Pour the beans into a glass bowl that is deep enough to mess around with the beans without spilling them.
Pour full of water so that all beans are submerged.
Stir beans for 20 sec. and flush the water out of the bowl.
Pour water back in the bowl to cover up just the surface of beans.
Stir beans but more like you are kneading the beans with your palm or the back of your hand. This process gets rid of tiny dirt or dead skins off the beans.
Rinse the beans with a lot of water.

Step. 2 – Soaking beans

After rinsing the beans, I pour plenty of flittered water into the bowl . The water should be at least three times the actual beans. So, I must have poured 15 cups of water or more . I let it sit overnight so that I can steam them first thing in the morning. There is a good reason for steaming the beans early morning and you’ll find that out later .

Step. 3 – Steaming beans

OK, time for some more . I use a pressure cooker to steam the beans. I have tried boiling the beans in the past as we did not have a pressure cooker. First of all, it takes ages (4-5 hours)to boil the beans until they get soft enough for fermentation process. Secondly, it is a pain and kind of dangerous to drain boiling water and place the beans in the container for mixing them with the starters. Finally and most importantly, in my humble opinion, Natto is more rich in flavor when steamed than boiled.

I place the separator at the bottom. It’s about one inch high and it is high enough to separate boiling water from the steamer. You can use as little as a cup of water to do the steaming.

I love this insert. It is so easy to handle even right after steaming is done and beans are literally steaming hot.

I pour soaked beans into this insert after rising it for one last time. I filled the pressure cooker with flittered water just below the bottom of the insert. I don’t think you can go wrong even if the some parts of beans are actually under the water but I would not dare.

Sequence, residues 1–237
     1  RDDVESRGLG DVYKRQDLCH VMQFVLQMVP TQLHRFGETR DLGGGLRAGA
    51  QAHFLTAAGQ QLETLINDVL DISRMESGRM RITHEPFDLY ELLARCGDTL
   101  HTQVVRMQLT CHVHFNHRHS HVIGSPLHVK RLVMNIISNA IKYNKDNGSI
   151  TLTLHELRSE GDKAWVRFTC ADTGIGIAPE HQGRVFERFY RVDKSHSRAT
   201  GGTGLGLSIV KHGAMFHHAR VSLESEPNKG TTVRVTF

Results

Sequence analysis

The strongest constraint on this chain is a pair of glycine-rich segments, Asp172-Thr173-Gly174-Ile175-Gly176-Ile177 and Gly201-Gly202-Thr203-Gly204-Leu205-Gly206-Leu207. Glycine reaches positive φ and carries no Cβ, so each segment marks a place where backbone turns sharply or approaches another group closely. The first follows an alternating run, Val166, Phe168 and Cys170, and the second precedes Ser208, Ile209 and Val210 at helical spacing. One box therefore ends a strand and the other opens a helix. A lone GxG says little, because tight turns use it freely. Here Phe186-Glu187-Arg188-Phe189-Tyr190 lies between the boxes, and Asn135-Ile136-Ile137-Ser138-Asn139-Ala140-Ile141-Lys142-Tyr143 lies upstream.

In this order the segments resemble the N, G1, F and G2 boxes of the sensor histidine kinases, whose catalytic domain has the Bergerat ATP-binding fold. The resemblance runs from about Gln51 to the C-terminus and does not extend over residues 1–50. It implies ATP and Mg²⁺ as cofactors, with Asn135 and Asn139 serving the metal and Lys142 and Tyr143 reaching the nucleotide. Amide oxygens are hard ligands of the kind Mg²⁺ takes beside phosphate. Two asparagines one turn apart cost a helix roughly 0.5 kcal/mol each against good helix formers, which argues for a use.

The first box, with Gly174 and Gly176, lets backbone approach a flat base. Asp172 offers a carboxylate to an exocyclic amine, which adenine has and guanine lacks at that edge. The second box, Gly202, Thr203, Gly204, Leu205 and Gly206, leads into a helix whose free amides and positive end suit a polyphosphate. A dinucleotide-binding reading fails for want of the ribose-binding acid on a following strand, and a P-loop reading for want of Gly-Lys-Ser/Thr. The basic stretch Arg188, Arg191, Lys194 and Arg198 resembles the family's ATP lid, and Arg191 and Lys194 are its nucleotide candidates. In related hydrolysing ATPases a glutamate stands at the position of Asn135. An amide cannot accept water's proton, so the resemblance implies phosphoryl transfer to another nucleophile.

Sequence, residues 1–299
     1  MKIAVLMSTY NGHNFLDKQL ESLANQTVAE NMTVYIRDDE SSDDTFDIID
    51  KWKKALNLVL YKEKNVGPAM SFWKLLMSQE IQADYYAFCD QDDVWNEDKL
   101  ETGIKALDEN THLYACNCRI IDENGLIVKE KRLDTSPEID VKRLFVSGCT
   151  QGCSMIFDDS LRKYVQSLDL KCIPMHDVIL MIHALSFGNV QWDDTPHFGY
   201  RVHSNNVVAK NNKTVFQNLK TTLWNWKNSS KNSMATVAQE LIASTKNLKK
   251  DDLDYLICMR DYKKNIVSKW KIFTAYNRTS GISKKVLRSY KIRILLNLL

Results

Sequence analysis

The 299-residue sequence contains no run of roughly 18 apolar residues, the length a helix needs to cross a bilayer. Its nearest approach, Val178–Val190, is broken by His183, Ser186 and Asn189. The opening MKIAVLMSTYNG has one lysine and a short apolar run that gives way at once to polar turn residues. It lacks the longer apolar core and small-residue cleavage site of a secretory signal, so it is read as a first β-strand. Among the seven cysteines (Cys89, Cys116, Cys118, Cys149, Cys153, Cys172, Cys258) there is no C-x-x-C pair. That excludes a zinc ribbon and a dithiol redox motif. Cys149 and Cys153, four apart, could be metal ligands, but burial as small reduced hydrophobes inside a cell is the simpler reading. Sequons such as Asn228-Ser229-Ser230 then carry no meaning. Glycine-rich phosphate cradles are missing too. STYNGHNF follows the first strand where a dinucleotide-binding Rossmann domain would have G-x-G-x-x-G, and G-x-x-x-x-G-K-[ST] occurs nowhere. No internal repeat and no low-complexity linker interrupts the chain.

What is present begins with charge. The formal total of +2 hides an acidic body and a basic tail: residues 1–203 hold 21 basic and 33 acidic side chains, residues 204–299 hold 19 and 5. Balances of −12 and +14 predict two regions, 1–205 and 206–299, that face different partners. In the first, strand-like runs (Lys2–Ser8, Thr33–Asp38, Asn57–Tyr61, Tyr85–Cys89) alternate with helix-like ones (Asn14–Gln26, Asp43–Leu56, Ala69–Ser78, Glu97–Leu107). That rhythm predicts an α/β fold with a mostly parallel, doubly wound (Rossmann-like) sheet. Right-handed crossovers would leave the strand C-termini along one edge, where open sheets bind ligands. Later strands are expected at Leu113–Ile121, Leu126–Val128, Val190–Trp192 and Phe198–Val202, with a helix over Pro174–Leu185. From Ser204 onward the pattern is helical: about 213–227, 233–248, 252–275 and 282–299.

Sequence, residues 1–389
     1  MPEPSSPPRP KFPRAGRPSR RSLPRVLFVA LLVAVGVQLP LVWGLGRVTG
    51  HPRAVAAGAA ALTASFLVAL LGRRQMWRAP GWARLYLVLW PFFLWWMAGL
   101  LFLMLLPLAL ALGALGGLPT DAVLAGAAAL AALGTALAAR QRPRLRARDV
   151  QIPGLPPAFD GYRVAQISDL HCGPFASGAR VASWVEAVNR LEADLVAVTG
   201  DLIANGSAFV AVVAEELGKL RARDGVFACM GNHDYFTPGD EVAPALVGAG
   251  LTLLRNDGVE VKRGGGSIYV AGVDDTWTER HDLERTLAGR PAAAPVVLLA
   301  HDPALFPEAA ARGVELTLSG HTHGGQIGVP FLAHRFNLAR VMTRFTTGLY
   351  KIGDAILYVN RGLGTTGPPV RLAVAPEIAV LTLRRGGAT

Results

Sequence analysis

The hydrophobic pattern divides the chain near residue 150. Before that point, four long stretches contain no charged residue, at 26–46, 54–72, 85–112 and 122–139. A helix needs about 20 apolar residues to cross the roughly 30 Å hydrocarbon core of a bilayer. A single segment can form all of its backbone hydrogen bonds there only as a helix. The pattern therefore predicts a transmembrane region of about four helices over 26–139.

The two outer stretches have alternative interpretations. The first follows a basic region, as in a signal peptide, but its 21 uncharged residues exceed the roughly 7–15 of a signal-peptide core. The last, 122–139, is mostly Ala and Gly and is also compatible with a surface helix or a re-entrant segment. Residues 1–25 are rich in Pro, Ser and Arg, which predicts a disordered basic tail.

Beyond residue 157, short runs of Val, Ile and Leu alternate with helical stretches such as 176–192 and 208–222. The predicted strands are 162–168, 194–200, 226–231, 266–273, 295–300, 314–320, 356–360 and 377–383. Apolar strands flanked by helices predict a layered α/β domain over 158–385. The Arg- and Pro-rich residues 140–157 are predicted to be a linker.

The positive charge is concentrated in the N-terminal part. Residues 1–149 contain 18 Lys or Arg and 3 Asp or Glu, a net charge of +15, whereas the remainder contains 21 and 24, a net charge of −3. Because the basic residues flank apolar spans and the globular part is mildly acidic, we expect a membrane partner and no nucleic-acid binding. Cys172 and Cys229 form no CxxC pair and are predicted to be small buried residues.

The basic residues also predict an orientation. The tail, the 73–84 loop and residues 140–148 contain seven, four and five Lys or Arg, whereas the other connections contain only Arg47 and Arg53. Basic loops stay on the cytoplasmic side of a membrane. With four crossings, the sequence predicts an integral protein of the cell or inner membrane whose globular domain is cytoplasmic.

I then sealed the pot with the lid and turn on the gas stove at high. I waited until the pressure indicator or what ever that is to pop and then lower the heat . I set kitchen timer for 45 minutes and leave the stove on.

I even lowered the heat when the steam would start come out the pressure cooker.

Step 4 – Mixing Natto-kin (Starter) with steaming hot beans

Natto-kin can live in extreme circumstance and mixing the starter with steaming hot beans would not kill the bacteria. In fact, it is recommended to mix beans with the starter while the beans are hot. Apparently, the “Heat Shock” should boost the bacteria activity and ensure better fermentation results.

Natto-kin (Starter) can be obtained in various ways.
From commercial product. (Natto themselves can be starters.)
Powdered Natto starter.
From home brew Natto.

I have been using Natto that we buy from our near by stores.

Typical Natto comes in the rectangular or round packages. You also find mustard and flavored soy sauce in a plastic containers.

I used a entire package (50g) for 5 cups of soybeans.

1 cup = 10g

Very straight forward.

I added boiling hot water to the starter package . Stir it a couple of times making sure that all beans are a part.